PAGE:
heliconia, as well as a large number of native plants grown as living displays of the Maya world's flora. The Cacao Eco-Museum is the brainchild of three Belgians: Eddy Van Belle, Dominque Personne and Mathieu Brees. Belgian chocolate has become world-famous and it seems appropriate that these chocolatiers should complete the circle by bringing their craft back to its place of origin. The museum was inaugurated on July 5, 2011.
Torch Ginger, the plant does, in fact, resemble a flaming torch. This museum has an unusual design, in that it is not contained in one building. Instead, the displays are housed in a series of small Maya-style thatched huts, reached by an asphalt path that wanders through groves of trees, small fields of cacao plants, and gardens displaying the wide variety of plants used by ancient and modern Maya for food, clothing, medicine, and other purposes.
Cordyline stood out against the mostly green and brown background. The gardens are beautifully designed and ecologically balanced. The displays in the thatched huts dispersed along the path tell the cultural, religious, and economic story of cacao, and demonstrate the role it played in day-to-day Maya life. In the last hut, museum staff showed us the ancient, multi-step process through which dried cacao beans are transformed into a delicious cup of hot chocolate. All the displays are accompanied by signs in both Spanish and English.
*My thanks to Ron Parsons for these plant identifications. Ron is an expert on the plants of Mexico, and has a website called Wildflowers and Plants of Central Mexico.
How it all started
originated in Brazil and that the beans gradually migrated up into Mesoamerica through ancient trade networks. The Olmecs (1500 BC - 400 BC) operated a great trading empire and had large settlements in Chiapas, Yucatan, and Guatemala, all areas where cacao could be grown. In fact, the Maya word "kakaw" is of Olmec origin and the first recorded use of the term was in 400 BC, at the end of the Olmec period. Maya writing was the best developed of any in Mesoamerica. It used a combination of symbols to express both concepts and phonetic syllables, allowing the expression of abstract ideas. The modern word "chocolate" comes from the Maya words "chokoh", meaning hot, and "ha", meaning water. Prior to the Spanish arrival, the Maya consumed chocolate exclusively in the hot liquid form. After many attempts spanning several centuries, the Maya hieroglyphic code was finally broken in the 1970s by a team of archaeologists, linguists, and artists. What the deciphered script revealed was an ancient world far richer and more complex, as well as far more violent, than what scientists had previously believed. It also revealed that cacao, and the drink made from it, played a central role in Maya life.
Ek Chuah, who carried a fan and wore black paint on his skin. Cacao beans and cups of chocolate were sometimes left as offerings in ancient graves. To the Maya, the cacao pod and the dark, liquid chokoh ha resembled the human heart and its dark blood. As a result, cacao and chocolate appear to have been part of the rituals surrounding human sacrifice. In the illustration above, the cacao tree bears a distinct resemblance to the Maya "Tree of Life", with its roots in the underworld, its trunk in day-to day-reality, and its canopy forming the heavens.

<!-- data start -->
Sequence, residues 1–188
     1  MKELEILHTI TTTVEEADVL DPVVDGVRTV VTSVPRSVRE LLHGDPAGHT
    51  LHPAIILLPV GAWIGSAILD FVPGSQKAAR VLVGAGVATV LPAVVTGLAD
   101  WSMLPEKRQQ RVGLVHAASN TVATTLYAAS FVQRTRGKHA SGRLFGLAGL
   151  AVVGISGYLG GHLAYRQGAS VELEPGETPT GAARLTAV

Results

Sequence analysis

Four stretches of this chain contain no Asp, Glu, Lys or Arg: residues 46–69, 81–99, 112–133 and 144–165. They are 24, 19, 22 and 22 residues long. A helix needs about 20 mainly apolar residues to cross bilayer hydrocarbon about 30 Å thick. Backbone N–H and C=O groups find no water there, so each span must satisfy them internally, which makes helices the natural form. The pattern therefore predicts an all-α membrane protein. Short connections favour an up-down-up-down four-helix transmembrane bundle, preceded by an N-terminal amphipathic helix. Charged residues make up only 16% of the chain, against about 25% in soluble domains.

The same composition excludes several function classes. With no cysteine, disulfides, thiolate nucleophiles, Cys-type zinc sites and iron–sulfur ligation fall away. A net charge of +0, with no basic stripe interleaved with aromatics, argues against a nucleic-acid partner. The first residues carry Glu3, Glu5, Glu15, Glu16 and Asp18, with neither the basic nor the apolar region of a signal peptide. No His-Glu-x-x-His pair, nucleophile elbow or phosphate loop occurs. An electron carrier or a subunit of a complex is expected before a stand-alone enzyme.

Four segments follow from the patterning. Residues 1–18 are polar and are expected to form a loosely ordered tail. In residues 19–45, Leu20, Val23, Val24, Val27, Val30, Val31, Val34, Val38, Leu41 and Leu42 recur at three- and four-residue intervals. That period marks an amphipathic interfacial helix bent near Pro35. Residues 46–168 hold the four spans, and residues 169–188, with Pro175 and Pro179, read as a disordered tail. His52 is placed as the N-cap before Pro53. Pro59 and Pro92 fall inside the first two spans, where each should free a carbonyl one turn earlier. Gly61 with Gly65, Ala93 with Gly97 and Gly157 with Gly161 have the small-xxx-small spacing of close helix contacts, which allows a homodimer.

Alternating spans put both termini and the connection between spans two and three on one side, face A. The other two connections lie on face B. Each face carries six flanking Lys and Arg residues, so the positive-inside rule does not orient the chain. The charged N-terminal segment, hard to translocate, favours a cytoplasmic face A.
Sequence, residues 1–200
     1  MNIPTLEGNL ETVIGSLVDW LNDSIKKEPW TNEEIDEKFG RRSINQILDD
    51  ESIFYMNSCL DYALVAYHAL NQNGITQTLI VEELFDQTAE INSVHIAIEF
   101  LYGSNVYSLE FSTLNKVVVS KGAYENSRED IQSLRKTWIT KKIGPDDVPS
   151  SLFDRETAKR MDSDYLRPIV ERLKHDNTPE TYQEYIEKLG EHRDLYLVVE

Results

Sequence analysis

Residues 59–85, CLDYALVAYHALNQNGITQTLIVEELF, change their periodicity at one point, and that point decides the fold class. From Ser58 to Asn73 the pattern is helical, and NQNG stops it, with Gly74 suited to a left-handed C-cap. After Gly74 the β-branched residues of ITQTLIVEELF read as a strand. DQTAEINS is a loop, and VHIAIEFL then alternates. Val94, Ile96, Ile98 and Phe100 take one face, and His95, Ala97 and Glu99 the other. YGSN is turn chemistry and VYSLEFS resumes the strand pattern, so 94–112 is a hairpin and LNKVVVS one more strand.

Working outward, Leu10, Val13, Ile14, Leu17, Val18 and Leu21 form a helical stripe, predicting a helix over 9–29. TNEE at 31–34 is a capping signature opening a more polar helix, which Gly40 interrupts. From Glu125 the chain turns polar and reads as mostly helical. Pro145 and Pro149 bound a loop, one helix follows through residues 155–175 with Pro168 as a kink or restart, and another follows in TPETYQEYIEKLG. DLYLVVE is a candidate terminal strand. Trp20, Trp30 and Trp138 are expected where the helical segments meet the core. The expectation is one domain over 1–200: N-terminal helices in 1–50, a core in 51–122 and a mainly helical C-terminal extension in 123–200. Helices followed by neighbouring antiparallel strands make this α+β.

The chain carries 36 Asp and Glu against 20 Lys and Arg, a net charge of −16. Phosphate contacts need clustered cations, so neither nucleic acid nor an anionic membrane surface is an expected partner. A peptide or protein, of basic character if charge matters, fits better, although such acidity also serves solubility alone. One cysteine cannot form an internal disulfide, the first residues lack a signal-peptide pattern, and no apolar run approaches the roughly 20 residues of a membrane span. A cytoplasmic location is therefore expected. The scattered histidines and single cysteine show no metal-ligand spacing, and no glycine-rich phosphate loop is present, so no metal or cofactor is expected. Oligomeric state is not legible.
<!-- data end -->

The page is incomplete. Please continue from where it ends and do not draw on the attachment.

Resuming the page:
trade networks existed both within the Maya world and between it and the rest of Mesoamerica. Travel was dangerous and the merchants went armed. At night, they burned copal incense as an offering to Ek Chuah in hopes of securing his protection. Since Mesoamerica had no pack animals, everything had to be carried on the merchant's back, or that of his servants or slaves. Weight and bulk were important factors and traveling merchants therefore favored low-weight, high-value goods. Cacao beans fit the bill, and even came to be used as currency in an economy that lacked metal money. The Aztecs took this a step further and set specific prices based on the beans: a tomato was worth one bean, an avocado cost three, and "a good turkey hen" could be bought for 100 "full" or 120 "shrunken" beans.
Growing and harvesting cacao
Making chocolate the old-fashioned way
. First, however, chocoholics will be delighted to hear a few facts about health and chocolate. I found this information on the displays at the Eco-Museum, but I was skeptical until I could find some independent researchers, including the Mayo Clinic, who confirmed the claims. I should note that the beneficial aspects are confined to dark chocolate, with a cocoa content of 65% or higher, and limited to less than 85 gr (3 oz) a day. Eaten in this way, chocolate is not fattening, actually reduces cholesterol, helps prevent cavities, does not cause fatty liver disease, does not cause or worsen acne, reduces risk factors for heart disease, and may indeed be an aphrodisiac. Now, have I brightened your day?
Foaming pots have been found in Maya graves of the Pre-Classic period (900 BC to 250 AD). The 16th Century Spanish found the old foaming process cumbersome, so they introduced a device called a molinillo, which still sold in stores throughout Mexico. In the photo above, the man is creating a thick foam by twirling a molinillo between his palms.The ancient people considered this foam to be the "spirit" of the cacao. When we each received a small cup with a delicious sample, it certainly put us in good spirits!
This completes Part 21 of my NW Yucatan series. There was a great deal more to the Eco-Museum than I had space to show here, so I will include some of those photos in a later posting on Maya households. Next week, we will visit the ancient ruined city of Sayil, site of a magnificent palace. I always welcome comments and corrections and if you would like to make any, please either use the Comments section below or email me directly.
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Hasta luego, Jim